The Holiday Season is upon us! I still have some availability for December 2022, and I'm really looking forward to playing Christmas parties and family gatherings. My holiday repertoire includes dozens of traditional Christmas carols as well as excerpts from The Nutcracker Suite.
Send me an email if you're looking for live music for your party!
It's been too long since my last update, so I thought I should post something.
As I mentioned in my previous blog entry, I have commissioned Eddie Healy to compose a suite of music for me called 'Astrolabe'. We're approaching completion of the suite-- the last movement to be composed is Virgo ♍︎, and then I'll have all 12 movements! It's difficult to believe that nearly a year has passed since we started working on this suite.
I've enjoyed learning these pieces as they have arrived, and I'm looking forward to recording them as part of my debut album! The idea is to record an album of music evocative of the night sky-- the 'Astrolabe' suite will have pride of place, taking up about half of the album, as well as Nocturnes by J. K. Mertz, and music by Vincenzo Galilei (the father of famed astronomer Galileo Galilei), Roland Dyens, and Frank Zappa.
Earlier this summer, I applied for some arts grants to help fund the project. I was awarded grants from the Greater Denton Arts Council and Friends With Benefits Denton to fund album artwork and recording expenses, and I am still seeking other sources of funding to help make this album the highest quality I can. I've also entered the Jarritos "JarriTODOS" grant contest, which will announce results on 9-9. If you'd like to see my video submission for the grant, you can find it here.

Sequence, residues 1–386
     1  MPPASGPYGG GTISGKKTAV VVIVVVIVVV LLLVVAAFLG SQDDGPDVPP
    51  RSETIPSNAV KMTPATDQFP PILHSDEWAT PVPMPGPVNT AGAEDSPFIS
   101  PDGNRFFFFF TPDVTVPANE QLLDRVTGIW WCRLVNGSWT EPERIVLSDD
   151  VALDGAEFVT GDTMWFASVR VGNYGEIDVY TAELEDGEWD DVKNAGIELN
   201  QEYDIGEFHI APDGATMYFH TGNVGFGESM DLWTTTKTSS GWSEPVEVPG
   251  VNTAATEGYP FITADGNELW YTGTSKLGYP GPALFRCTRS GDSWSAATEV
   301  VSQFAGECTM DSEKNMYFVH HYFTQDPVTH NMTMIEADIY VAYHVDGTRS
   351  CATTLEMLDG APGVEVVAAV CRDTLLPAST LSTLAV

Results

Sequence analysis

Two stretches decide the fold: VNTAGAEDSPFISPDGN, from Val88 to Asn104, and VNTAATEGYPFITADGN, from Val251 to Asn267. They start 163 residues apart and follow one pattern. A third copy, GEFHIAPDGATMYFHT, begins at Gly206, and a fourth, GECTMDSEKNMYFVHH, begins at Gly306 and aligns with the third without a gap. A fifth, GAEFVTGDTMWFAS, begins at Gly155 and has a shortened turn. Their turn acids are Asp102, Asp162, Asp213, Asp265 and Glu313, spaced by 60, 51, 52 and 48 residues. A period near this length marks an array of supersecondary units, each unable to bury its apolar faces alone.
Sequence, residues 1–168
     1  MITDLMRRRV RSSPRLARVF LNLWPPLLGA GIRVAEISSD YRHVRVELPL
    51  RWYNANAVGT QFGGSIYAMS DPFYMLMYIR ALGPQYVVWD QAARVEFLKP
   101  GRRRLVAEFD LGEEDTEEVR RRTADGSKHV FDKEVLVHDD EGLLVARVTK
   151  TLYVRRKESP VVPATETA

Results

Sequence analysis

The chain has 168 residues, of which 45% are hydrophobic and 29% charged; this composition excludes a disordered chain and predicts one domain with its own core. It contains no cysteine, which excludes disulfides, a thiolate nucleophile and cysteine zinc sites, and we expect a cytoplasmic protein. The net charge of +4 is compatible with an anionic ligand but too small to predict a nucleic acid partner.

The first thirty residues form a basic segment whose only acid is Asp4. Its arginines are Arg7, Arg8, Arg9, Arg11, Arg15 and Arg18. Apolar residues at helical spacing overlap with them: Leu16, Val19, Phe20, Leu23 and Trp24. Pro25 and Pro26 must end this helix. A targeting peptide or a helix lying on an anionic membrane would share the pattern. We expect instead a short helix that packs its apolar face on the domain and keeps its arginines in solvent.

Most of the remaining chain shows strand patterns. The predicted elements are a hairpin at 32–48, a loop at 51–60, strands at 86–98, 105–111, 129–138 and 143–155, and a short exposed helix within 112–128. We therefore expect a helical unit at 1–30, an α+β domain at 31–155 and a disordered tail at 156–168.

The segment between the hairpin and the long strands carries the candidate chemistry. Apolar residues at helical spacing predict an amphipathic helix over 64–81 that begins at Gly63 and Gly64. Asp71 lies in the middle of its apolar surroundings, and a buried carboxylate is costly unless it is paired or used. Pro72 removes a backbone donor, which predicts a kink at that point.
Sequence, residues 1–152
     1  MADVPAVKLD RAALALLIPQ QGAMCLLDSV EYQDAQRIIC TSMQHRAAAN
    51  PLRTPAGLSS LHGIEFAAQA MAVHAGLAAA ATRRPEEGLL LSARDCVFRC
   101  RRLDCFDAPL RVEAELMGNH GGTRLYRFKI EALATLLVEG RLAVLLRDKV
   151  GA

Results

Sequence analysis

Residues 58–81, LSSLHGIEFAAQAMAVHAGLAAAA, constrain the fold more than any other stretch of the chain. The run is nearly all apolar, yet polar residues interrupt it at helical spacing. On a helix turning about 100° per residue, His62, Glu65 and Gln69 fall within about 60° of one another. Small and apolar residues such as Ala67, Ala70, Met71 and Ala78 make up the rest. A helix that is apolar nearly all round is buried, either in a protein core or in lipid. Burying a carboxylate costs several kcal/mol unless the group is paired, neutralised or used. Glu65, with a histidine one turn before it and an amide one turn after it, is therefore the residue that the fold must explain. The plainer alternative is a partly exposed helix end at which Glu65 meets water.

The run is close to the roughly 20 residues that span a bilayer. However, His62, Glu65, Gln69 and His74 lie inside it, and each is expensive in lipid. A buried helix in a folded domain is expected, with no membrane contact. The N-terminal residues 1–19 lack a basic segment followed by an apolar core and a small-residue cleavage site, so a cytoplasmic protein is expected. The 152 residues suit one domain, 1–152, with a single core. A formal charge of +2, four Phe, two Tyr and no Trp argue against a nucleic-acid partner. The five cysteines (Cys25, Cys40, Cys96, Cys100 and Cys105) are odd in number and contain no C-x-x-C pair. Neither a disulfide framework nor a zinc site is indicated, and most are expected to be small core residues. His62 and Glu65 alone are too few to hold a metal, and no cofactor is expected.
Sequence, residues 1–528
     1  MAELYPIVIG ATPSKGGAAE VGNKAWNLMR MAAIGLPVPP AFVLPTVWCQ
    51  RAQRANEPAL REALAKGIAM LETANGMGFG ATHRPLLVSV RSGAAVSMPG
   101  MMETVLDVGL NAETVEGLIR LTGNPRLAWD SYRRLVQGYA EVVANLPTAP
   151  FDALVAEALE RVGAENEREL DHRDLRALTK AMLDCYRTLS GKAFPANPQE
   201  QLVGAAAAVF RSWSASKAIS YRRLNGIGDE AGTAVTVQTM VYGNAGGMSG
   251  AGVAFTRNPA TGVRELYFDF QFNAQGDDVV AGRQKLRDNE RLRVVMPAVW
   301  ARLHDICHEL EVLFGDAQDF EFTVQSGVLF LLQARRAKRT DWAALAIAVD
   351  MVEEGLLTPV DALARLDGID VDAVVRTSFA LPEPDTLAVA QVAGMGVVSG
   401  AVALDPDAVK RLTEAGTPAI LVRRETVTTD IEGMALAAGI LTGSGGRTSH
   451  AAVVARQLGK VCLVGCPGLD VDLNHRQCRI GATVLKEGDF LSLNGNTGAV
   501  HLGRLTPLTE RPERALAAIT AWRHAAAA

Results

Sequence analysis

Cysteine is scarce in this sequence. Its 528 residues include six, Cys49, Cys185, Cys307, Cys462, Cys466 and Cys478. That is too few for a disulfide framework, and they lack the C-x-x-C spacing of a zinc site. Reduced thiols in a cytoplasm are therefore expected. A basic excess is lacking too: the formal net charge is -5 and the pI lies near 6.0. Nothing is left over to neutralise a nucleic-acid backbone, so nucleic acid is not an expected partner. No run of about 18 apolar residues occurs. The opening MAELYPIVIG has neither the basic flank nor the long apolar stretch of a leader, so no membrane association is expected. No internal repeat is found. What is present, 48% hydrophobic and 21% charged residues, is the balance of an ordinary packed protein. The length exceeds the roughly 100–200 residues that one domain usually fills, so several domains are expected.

Last fall I purchased a new guitar built by Marco Antonio Alfaro Jimenez from Monarca Imports to take some of the burden of constant gigging off of my Rubio concert guitar, and I have been extremely happy with it. I have enjoyed playing on the new guitar so much that I commissioned a new guitar from Marco Antonio! The new instrument is nearly finished, and I can't wait to hear it! It is a 640mm scale length guitar with a cedar top and Palo Escrito back and sides. I asked for a 20th fret, an elevated fingerboard (to more easily navigate the highest frets), an armrest for the right arm, and, since I'll be using it on this album, I also asked for an inlaid star on the headstock. Marco Antonio has been sending me pictures of the instrument throughout the building process (below), so I am extremely excited to see the finished guitar!